- Education and Science
Tongue Twisters: Fun and Useful
What Are Tongue Twisters?
By the time a child is in third or fourth grade, most have learned at least a couple of these tricky word phrases. At its simplest, a tongue twister is a series of words that have such similar sounding beginning combinations that they become difficult to say without mispronouncing at least some of the words.
The trick is sometimes a form known as alliteration, where all the words actually start with the same letter, or pair of letters, and other times, simply repeating letters in the middle of the word that can trip you up. For example, “rubber baby buggy bumpers.”
Most of us are probably familiar with the popular ones that have been around the longest, such as, “Peter Piper picked a peck of pickled peppers,” or, “She sells seashells by the seashore.”
If you are not careful with your speech, it is very easy to mix up the sounds and trip over your tongue as it were, and make some very funny sounding mistakes.
In the case of good old Peter Piper, the collection of letter “k’s” in the middle makes possible an error that can cause an embarrasing and crude error: usually happens in the last word of the phrase. I’m sure you can figure it out without me having to tell you and thereby violate 'family friendly standards.'
Why Bother With Tongue Twisters?
On the simplest level, they are just plain silly fun; children especially enjoy the hilarity of rattling off these tricky sentences, and often end up “ROFL” or “rolling on the floor laughing,” to borrow a current internet shorthand phrase.
There is a more serious side, though. These hard-to-say bits of nonsense have long been used to train people who must be very careful with their diction, such as:
- public speakers
- television newscasters
Sometimes, they can be used to help ESL students, or in speech therapy classes.
In days gone by, there would be actual classes held to learn how to speak clearly and efficiently. This was called “elocution.” There was more to these classes than just learning to say tongue twisters without stumbling, though.
They also included style, delivery, making an effective speech, and how to use emphasis. Similar training is still used, though I’m sure there is a more modern term for it; probably nothing more complicated-sounding than just plain old, “public speaking.”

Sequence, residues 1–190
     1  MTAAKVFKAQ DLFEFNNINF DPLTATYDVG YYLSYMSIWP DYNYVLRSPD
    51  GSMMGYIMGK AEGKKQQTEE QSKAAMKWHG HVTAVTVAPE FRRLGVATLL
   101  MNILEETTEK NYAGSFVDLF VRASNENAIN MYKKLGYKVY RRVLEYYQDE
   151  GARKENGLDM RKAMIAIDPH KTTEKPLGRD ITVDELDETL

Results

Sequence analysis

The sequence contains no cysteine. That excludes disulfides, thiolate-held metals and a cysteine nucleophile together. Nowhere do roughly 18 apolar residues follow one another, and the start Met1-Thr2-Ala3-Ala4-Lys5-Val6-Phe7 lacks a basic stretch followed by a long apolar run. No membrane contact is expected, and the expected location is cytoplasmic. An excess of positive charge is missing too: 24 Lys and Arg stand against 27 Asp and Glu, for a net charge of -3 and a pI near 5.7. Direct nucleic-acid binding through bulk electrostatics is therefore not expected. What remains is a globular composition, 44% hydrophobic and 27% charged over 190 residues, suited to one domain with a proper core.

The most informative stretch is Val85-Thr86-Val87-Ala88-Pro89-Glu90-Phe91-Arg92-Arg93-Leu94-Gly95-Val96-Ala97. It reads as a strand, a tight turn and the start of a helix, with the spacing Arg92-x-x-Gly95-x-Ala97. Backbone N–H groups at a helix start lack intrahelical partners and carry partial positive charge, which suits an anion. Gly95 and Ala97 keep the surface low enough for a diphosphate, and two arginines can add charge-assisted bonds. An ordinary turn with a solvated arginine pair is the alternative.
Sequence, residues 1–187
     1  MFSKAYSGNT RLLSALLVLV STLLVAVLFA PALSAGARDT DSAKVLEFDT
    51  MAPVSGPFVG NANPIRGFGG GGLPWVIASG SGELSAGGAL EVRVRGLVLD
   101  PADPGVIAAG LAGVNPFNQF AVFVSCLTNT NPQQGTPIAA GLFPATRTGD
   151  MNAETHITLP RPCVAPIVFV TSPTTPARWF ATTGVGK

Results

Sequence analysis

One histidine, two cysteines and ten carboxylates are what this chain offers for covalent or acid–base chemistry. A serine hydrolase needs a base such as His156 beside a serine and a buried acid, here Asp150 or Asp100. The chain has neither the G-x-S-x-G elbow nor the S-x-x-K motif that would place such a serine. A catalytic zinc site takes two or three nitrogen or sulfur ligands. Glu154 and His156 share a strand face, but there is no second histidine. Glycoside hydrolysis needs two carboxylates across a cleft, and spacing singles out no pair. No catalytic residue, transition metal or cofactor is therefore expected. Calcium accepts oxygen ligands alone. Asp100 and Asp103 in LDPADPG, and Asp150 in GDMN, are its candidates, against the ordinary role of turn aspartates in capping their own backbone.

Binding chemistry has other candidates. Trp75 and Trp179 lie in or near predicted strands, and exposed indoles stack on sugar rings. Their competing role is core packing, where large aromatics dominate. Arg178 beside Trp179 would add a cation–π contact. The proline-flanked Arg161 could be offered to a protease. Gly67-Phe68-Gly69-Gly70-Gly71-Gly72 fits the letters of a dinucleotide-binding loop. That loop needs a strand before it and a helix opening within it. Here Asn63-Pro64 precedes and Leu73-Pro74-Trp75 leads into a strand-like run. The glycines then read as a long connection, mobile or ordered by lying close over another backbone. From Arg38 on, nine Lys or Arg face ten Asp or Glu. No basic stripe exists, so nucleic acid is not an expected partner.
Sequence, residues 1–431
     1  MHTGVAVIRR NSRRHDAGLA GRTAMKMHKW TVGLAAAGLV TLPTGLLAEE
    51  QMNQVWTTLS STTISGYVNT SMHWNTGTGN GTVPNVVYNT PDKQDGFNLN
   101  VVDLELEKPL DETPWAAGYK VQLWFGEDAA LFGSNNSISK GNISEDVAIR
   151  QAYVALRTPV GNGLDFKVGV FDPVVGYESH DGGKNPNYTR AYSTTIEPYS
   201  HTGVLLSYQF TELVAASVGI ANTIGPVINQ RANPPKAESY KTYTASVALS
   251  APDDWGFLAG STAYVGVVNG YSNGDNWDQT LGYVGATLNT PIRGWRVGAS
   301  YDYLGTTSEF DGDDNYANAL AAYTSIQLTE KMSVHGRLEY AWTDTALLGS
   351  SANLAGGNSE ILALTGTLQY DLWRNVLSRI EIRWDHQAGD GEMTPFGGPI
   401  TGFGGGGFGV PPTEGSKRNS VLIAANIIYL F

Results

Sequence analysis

Say That Three Times--Fast!
Ah, there’s the rub! It’s easy enough to learn to navigate these tricky bits; but most people, in doing so, will slow down their normal speech pattern by a significant amount.
Try it at normal speed, and you’re liable to instantly get into trouble--your tongue will indeed get twisted around the words.
Trying to speak them at an even faster-than-normal delivery is practically guaranteed to foul you up and reduce you to a fit of giggles.
Try These Out For Yourself:
Here is a selection of some of my personal favorites. Some date back to my grandparent’s era, and might be unfamiliar to modern folks. That makes them all the more fun. They are simply nonsensical phrases put together for their alliterative qualities. You’ll find here, that there’s more to Peter Piper than appeared above.
- Red rubber buggy bumpers
- Peter Piper picked a peck of pickled peppers. If Peter Piper picked a peck of pickled peppers, how many peppers did Peter Piper pick, and where did Peter Piper put the peck of pickled peppers Peter Piper picked?
- How much wood could a woodchuck chuck, if a woodchuck could chuck wood? He'd chuck as much wood as a woodchuck could if a woodchuck could chuck wood.
- I saw Susie sitting in a shoe shine shop. Where she sits, she shines, where she shines, she sits.
- Can you can a can as a canner can can a can?
- Green glass globes glow greenly.
This last one is a real doozy! I'm pretty good at tongue twisters, but this one always fouls me up somewhere along the way:
The sick sixth’s sheik's sheep’s sick.
A Great Example
Oh--I mentioned singers? Here’s a classic from Gilbert and Sullivan’s Mikado, sung as the final chorus in the song, "I Am So Proud.":
“To sit in solemn silence in a dull, dark dock,
In a pestilential prison, with a life-long lock,
Awaiting the sensation of a short, sharp shock,
From a cheap and chippy chopper on a big black block!”
Ah, but that’s not the end of it--this tongue-twisting phrase is repeated three times in succession, and fairly rapidly at that. It’s a real challenge for the actors who must not only get all the pronunciations correct, but clearly spoken and understood--and in song on top of it all! Bad enough at that, but each repetition is sung even faster than the last. .... and .... in the clip below, the audience demands an encore!
A Tongue-Twisting Operatic Aria
© 2012 Liz Elias